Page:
The secure and fully contained section of ACDP can only be entered through airlocks doors.
When you enter the building you head to a two-way changeroom separated by an airlock. In the first changeroom you leave everything behind, even your underwear. You pass through an airlock and enter the second changeroom, where you dress in lab clothes supplied by CSIRO. On the way out, you’ll shower as you pass back through that airlock.
It’s time to suit up and enter the lab. When working on some bacteria or viruses that can cause diseases in humans, we wear a fully encapsulated suit. It connects to a separate air supply filtered through HEPA filters.
We work on everything from Ebola to Sars-CoV-2.
Our scientists working within the secure laboratory.
Responding to disease outbreaks
In 1994 we discovered Hendra virus, a newly emerged Nipah virus, was the cause of an outbreak of disease in horses and humans in the Brisbane suburb of Hendra in Queensland. Another outbreak of Hendra virus infection occurred in October 1995 when Hendra virus was detected in a farmer from Mackay, Queensland, some 600 miles north of Hendra. Bats and wading birds were thought to be the most likely candidates as animal hosts of this new virus. In 2000, Hendra virus was isolated from two species of bats.
In May 2011 CSIRO announced the development of a prototype vaccine for horses. By March 2013 our scientists confirmed that horses were immune to a lethal exposure of Hendra virus six months post vaccination, and in August, 2015, the vaccine was fully registered. Vaccinating horses is the best method to prevent the spread of this disease from bats to horses and then onto humans.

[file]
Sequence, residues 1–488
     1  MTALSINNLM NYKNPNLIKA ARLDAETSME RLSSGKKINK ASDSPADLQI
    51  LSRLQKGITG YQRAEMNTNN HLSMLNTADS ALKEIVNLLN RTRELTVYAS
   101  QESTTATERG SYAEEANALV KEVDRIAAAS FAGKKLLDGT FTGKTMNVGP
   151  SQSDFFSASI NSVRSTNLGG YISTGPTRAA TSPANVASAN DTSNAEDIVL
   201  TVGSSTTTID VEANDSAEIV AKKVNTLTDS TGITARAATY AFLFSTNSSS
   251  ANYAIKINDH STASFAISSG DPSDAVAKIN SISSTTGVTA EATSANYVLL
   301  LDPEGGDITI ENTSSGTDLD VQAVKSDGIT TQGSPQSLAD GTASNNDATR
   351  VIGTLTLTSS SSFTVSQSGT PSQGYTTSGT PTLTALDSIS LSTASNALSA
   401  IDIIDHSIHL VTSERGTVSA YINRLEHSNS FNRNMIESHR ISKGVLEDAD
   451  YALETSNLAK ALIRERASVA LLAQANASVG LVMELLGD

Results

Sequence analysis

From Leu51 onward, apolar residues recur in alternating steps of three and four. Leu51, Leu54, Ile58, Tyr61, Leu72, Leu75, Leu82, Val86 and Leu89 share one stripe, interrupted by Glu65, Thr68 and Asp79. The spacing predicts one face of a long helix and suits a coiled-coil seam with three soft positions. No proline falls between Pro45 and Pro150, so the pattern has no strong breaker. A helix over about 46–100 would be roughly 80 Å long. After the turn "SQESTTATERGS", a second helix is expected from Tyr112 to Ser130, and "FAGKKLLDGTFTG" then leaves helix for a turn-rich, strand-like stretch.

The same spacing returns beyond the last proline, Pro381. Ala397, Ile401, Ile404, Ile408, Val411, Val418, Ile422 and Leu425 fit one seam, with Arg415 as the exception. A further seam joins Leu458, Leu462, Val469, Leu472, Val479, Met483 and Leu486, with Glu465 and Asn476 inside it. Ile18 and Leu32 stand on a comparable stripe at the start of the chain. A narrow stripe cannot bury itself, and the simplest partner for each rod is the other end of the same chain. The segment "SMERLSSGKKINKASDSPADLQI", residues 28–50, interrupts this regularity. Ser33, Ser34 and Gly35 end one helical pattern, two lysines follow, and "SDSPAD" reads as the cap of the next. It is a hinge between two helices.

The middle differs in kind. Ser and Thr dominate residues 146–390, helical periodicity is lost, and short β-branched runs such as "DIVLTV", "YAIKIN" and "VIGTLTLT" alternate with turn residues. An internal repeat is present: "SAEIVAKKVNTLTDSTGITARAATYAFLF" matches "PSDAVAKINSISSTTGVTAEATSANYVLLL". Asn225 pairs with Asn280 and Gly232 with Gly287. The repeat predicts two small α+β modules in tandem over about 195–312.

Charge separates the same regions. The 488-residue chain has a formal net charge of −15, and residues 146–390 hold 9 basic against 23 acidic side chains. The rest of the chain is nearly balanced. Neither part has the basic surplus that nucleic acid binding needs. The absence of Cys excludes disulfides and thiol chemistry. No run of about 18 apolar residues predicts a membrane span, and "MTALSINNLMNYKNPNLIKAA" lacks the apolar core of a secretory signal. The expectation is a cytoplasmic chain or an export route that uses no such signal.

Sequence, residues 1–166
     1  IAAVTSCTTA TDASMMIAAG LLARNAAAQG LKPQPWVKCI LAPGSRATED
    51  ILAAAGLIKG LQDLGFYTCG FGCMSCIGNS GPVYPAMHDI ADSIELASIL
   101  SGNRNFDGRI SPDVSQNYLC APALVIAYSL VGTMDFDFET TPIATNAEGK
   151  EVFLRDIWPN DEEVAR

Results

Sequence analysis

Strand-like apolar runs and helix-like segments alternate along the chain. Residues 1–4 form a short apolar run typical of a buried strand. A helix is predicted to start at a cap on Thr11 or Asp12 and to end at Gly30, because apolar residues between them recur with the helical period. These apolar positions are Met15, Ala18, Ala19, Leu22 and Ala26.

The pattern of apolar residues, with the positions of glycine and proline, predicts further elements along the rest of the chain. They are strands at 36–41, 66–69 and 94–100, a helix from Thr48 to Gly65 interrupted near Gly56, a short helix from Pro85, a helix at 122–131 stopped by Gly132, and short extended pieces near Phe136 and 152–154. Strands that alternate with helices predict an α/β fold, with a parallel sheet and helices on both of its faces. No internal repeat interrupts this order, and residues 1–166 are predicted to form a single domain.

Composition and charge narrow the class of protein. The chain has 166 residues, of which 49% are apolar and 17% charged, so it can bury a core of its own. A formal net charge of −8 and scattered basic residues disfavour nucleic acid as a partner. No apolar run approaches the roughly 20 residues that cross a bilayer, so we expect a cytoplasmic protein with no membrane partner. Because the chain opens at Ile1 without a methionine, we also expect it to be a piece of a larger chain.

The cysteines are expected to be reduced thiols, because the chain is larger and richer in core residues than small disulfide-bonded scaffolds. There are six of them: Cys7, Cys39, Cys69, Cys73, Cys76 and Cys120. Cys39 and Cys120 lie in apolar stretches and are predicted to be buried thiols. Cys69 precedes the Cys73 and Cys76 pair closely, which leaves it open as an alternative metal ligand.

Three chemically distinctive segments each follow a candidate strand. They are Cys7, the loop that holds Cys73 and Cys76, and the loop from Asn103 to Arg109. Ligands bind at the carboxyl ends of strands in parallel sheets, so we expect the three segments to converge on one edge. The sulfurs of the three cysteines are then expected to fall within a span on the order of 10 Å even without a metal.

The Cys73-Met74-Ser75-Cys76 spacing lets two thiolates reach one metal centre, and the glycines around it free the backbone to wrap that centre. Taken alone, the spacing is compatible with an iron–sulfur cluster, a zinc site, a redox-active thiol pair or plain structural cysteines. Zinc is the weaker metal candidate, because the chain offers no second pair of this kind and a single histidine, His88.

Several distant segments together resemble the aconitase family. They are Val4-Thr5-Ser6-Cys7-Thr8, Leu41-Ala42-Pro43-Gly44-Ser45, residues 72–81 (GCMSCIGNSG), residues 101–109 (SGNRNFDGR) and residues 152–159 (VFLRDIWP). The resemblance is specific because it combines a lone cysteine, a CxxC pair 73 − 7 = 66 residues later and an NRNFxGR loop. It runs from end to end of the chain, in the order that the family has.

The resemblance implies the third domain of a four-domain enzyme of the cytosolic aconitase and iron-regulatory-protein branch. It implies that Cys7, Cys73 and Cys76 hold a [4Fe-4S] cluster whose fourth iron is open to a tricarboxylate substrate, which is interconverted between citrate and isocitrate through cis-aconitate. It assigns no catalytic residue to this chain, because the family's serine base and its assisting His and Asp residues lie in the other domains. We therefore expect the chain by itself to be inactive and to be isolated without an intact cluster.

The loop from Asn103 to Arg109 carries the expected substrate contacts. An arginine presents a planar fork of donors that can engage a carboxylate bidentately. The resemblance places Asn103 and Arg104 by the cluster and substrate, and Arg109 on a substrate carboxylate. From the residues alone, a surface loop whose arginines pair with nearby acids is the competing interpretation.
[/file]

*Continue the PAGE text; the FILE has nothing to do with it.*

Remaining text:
Meanwhile, in 2002-03, Severe Acute Respiratory Syndrome (SARS) emerged. In 2005 collaborative research involving CSIRO scientists found that bats were highly likely to be the natural host of the virus responsible for SARS. In 2013, horseshoe bats were confirmed as hosts of the virus responsible for the 2002-03 pandemic.
A bat cell infected with Hendra virus taken with a confocal microscope at ACDP.
Level 4 biocontainment laboratory
The secure and fully contained section of ACDP has five levels. A 30cm thick concrete wall forms an airtight box around the secure area.
You’re inside ACDP, working in a level 4 biocontainment lab. What happens to the air you breathe out? What happens to the water you use in the lab? What about your own waste, when you flush the toilet or shower out through the airlock?
Protecting our staff inside the building and the world outside the building from exotic and infectious diseases requires a lot of engineering. Let’s visit the impressive nuts and bolts sections of the building.
They remove particles 100 times smaller than the width of a human hair.
Treating the waste water
Around 25 000 litres of waste water each day are treated in a huge sewerage facility within the secure area inside the building.